Speeding Patent Review to Spur Innovation

In a sure sign that innovation is alive and well, the volume of patent applications is growing around the world. But a new report from the Center for the Protection of Intellectual Property (CPIP) reveals that patent offices in some countries are not keeping pace with demand.

In The Long Wait for Innovation: The Global Patent Pendency Problem, authors Mark Schultz and Kevin Madigan found that countries like Korea are processing applications in a timely manner while maintaining the quality of reviews. But inventors in a wide range of fields can wait as long as ten years or more, on average, for patents in Brazil and Thailand

Long patent examination delays can harm inventors and consumers alike. They make it harder for inventors to attract capital and retain talent. Since the typical 20-year term of a patent begins at the time a patent application is filed, delays can also prevent inventors from achieving a sufficient return on their investment of time and resources.

When patent applications are delayed, consumers are often unable to gain swift access to the latest products. Health experts in India recently pointed out that patent delays for various innovations can slow down improvements in the field of medicine.

For countries that want to reduce lengthy patent examination backlogs and improve the competitiveness of their innovative industries, there are practical and proven solutions. Schultz and Madigan point to Patent Prosecution Highway programs that enable national patent offices to speed examination by sharing work and eliminating redundant steps.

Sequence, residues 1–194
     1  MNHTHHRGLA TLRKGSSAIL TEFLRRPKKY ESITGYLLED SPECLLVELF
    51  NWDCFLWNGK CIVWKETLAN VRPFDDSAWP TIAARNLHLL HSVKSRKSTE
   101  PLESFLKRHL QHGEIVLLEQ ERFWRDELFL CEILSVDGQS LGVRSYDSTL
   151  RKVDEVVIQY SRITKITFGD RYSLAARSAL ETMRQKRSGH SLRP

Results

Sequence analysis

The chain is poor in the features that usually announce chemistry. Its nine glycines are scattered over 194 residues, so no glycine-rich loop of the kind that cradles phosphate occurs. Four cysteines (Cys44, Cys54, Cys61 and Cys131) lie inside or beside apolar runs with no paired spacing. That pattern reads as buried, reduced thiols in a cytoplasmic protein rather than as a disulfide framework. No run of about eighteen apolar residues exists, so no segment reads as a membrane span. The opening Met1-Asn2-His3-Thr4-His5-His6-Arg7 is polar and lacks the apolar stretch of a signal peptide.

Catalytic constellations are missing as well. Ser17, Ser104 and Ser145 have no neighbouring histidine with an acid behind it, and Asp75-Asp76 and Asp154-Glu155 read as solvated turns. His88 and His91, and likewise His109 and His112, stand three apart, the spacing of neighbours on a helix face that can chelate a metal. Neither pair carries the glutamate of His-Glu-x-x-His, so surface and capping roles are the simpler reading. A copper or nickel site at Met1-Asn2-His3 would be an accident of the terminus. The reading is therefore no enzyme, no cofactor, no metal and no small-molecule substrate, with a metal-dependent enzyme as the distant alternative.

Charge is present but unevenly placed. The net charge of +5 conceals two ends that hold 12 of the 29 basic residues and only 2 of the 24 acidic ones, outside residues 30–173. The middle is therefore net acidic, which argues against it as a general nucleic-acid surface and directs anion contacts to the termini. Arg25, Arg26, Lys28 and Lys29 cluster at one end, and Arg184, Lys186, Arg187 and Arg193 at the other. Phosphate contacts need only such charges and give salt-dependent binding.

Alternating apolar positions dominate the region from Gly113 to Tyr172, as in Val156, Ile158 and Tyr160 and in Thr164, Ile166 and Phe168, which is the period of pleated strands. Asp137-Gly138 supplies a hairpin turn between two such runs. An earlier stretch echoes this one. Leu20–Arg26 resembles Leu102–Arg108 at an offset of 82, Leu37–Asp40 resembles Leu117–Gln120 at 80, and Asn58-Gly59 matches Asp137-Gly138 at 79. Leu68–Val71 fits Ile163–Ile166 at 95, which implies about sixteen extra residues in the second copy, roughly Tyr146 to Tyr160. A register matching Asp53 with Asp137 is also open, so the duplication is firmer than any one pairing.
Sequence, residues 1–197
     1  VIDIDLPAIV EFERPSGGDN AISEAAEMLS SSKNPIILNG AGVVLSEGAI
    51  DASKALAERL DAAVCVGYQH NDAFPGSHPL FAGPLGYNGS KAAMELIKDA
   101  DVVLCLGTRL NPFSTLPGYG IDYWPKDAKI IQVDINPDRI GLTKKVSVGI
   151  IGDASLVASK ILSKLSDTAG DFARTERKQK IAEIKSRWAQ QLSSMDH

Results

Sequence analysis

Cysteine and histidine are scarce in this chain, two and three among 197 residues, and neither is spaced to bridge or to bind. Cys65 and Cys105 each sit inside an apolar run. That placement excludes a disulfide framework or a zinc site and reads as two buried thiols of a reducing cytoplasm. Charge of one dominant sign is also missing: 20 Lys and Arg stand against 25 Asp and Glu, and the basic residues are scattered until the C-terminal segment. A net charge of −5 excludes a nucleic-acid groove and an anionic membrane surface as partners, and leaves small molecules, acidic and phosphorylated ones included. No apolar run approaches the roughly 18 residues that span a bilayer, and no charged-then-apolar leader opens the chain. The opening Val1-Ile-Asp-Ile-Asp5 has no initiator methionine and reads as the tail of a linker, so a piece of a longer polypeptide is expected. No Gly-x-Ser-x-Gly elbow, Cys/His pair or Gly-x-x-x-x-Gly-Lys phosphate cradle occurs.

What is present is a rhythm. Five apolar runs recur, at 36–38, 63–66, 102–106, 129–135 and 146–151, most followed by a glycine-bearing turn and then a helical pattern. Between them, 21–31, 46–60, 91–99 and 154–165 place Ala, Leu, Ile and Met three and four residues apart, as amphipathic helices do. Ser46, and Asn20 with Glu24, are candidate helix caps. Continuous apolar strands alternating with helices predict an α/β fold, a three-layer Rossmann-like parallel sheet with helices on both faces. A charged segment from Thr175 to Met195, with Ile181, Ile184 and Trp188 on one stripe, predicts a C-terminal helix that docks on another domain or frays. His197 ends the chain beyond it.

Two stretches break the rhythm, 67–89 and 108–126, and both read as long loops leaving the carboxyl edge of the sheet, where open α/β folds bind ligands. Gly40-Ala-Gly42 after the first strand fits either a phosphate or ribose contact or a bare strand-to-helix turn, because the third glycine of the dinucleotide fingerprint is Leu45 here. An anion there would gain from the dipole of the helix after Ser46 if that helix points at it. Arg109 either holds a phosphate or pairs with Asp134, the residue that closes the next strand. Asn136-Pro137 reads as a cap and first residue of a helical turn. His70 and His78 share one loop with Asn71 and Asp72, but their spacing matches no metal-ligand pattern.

Through work sharing and other process improvements, Japan has been able to cut the average time it takes to receive a patent from 6.4 years in 2008 to just 3.3 years in 2015. Japan is well on its way to becoming “the world’s fastest and utmost quality in patent examination”, and their experience demonstrates what can be achieved through focus and efficiency.  

In many countries, long wait times can be partially attributed to a shortage of examiners. Increased hiring and training can help. For example, India recently launched an initiative to double the number of its examiners, and Thailand is training junior examiners to handle more complex applications.

The CPIP report aims to help examiners do their jobs better and faster. It calls for a serious global conversation on patent delays, for better tracking of data on patents pending, and for countries to commit to and implement solutions that will fix the problem.

As Schultz and Madigan state, “delays matter because patents matter.” The protections offered by patents allow for the innovations that fuel our global progress and benefit our world. Without thorough – but efficient – processes for granting patents, we all lose.

Read this article in Japanese here.

Read this article in Portuguese here